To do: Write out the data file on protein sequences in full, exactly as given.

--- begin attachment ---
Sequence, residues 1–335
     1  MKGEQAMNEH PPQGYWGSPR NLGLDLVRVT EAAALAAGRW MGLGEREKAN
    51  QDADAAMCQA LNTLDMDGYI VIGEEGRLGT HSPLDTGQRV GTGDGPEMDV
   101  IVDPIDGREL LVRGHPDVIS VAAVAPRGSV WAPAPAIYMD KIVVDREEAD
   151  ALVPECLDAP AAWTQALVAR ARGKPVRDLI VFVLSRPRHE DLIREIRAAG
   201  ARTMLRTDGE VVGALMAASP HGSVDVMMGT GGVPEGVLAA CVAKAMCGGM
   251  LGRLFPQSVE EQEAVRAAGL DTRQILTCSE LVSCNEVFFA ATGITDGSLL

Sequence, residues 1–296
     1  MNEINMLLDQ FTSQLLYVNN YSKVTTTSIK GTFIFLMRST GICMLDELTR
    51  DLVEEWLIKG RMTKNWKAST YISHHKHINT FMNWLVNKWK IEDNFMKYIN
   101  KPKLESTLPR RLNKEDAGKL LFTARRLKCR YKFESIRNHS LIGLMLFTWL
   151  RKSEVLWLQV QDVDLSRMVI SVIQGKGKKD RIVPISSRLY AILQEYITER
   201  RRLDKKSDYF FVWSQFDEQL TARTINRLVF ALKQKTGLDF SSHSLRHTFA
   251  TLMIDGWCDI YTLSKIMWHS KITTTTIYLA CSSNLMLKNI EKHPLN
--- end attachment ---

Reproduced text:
Sequence, residues 1–335
     1  MKGEQAMNEH PPQGYWGSPR NLGLDLVRVT EAAALAAGRW MGLGEREKAN
    51  QDADAAMCQA LNTLDMDGYI VIGEEGRLGT HSPLDTGQRV GTGDGPEMDV
   101  IVDPIDGREL LVRGHPDVIS VAAVAPRGSV WAPAPAIYMD KIVVDREEAD
   151  ALVPECLDAP AAWTQALVAR ARGKPVRDLI VFVLSRPRHE DLIREIRAAG
   201  ARTMLRTDGE VVGALMAASP HGSVDVMMGT GGVPEGVLAA CVAKAMCGGM
   251  LGRLFPQSVE EQEAVRAAGL DTRQILTCSE LVSCNEVFFA ATGITDGSLL

Sequence, residues 1–296
     1  MNEINMLLDQ FTSQLLYVNN YSKVTTTSIK GTFIFLMRST GICMLDELTR
    51  DLVEEWLIKG RMTKNWKAST YISHHKHINT FMNWLVNKWK IEDNFMKYIN
   101  KPKLESTLPR RLNKEDAGKL LFTARRLKCR YKFESIRNHS LIGLMLFTWL
   151  RKSEVLWLQV QDVDLSRMVI SVIQGKGKKD RIVPISSRLY AILQEYITER
   201  RRLDKKSDYF FVWSQFDEQL TARTINRLVF ALKQKTGLDF SSHSLRHTFA
   251  TLMIDGWCDI YTLSKIMWHS KITTTTIYLA CSSNLMLKNI EKHPLN